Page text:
German Chancellor Angela Merkel endorsed a proposal for a top European Union official to be given the power to veto member governments' budgets, and suggested Thursday that the bloc could set up a new fund to finance projects in struggling countries.
Merkel addressed Germany's Parliament ahead of an EU summit starting later Thursday where leaders will debate tightening financial integration, creating a banking union and how to deal with the financial needs of Greece and Spain.
In a bid to keep European countries from overspending again in the future, Germany's finance minister argues that the EU's monetary affairs commissioner should have the power to veto budgets if they violate deficit rules.
Merkel acknowledged many nations don't want to concede to Brussels the power to intervene in budgets. However, she said her government will "continue to push for it."
"I am astonished that, no sooner does someone make a progressive proposal…the cry immediately comes that this won't work, Germany is isolated, we can't do it," she said. "This is not how we build a credible Europe."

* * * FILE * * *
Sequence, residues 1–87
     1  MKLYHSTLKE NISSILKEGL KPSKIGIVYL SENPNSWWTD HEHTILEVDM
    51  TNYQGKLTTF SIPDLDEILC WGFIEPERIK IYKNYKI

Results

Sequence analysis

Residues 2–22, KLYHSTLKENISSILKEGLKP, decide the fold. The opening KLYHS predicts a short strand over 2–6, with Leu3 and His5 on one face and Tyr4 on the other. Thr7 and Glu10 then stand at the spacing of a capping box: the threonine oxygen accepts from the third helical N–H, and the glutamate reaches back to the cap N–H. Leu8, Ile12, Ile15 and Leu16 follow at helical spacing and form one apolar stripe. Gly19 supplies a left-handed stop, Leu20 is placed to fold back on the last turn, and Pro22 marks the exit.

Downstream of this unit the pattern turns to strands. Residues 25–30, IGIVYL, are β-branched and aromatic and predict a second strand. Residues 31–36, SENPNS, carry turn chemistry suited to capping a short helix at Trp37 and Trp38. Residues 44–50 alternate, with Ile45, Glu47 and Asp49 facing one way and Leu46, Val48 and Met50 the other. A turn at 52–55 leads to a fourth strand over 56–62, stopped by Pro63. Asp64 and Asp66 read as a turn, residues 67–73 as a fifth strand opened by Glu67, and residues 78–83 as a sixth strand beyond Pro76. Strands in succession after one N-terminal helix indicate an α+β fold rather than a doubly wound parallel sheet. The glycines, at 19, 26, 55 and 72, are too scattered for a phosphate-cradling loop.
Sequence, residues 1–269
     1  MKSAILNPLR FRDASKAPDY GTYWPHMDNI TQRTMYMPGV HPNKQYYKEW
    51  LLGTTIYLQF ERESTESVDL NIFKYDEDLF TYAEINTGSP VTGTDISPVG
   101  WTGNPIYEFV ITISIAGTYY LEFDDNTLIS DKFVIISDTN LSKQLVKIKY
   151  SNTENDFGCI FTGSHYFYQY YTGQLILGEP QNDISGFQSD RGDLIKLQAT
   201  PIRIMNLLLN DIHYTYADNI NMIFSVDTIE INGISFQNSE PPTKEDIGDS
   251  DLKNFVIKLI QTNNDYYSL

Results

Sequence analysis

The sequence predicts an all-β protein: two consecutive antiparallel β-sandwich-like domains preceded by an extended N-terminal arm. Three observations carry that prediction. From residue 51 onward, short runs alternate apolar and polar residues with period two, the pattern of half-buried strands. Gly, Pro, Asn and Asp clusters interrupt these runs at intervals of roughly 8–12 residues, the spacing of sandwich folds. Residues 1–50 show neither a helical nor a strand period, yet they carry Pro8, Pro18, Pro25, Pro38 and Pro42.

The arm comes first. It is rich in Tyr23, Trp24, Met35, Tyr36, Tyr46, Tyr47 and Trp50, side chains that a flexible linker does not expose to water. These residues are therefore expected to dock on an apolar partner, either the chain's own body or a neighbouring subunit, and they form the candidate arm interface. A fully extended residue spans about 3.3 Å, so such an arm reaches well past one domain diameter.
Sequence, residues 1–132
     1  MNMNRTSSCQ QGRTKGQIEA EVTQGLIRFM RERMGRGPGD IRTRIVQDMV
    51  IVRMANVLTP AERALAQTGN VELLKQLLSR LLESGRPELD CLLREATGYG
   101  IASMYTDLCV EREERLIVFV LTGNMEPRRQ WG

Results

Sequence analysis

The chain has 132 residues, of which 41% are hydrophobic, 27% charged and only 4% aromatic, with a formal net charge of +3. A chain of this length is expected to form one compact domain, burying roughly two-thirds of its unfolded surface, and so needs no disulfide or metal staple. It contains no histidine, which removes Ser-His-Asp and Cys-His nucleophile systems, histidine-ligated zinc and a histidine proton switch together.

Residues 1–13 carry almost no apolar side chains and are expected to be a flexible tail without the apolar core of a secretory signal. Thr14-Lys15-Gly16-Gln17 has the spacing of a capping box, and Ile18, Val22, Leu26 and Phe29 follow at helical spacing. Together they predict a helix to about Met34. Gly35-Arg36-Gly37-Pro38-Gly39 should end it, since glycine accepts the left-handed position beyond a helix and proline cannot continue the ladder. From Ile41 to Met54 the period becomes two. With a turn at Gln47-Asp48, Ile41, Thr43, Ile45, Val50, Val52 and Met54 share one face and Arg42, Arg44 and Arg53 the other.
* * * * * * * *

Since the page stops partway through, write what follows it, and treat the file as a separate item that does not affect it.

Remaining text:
Merkel rejects pooling countries' debts
Merkel again rejected the pooling of countries' debts, an idea favoured by struggling countries that hope to regain investor confidence to lower their borrowing costs.
But she suggested countries could make binding pledges to conduct reforms and be granted money for a limited period and for specific projects from a new fund, possibly paid for by a tax on financial transactions that Germany and 10 other countries have agreed to introduce.
Long-term proposals for overhauling the EU appear likely to play a leading role at this week's summit, with firm decisions not expected on more immediate matters.
Merkel again insisted Thursday that "quality must come before speed" as Europe works on setting up a continent-wide bank supervision system — something that many countries would like to have in place in January. Berlin says that's unrealistic.
"There are a lot of very complicated legal questions, and I am not making the issue more difficult than it actually is," Merkel said.
The German leader pointed to last week's award of the Nobel Peace Prize to the EU as a further incentive to ensure the euro's long-term future.
"This decision is so significant precisely because it comes now," she said. "It should be understood as an admonition, even more as an inducement and obligation for all of us in Europe to separate the important from the unimportant and focus on the core of the test in which we find ourselves."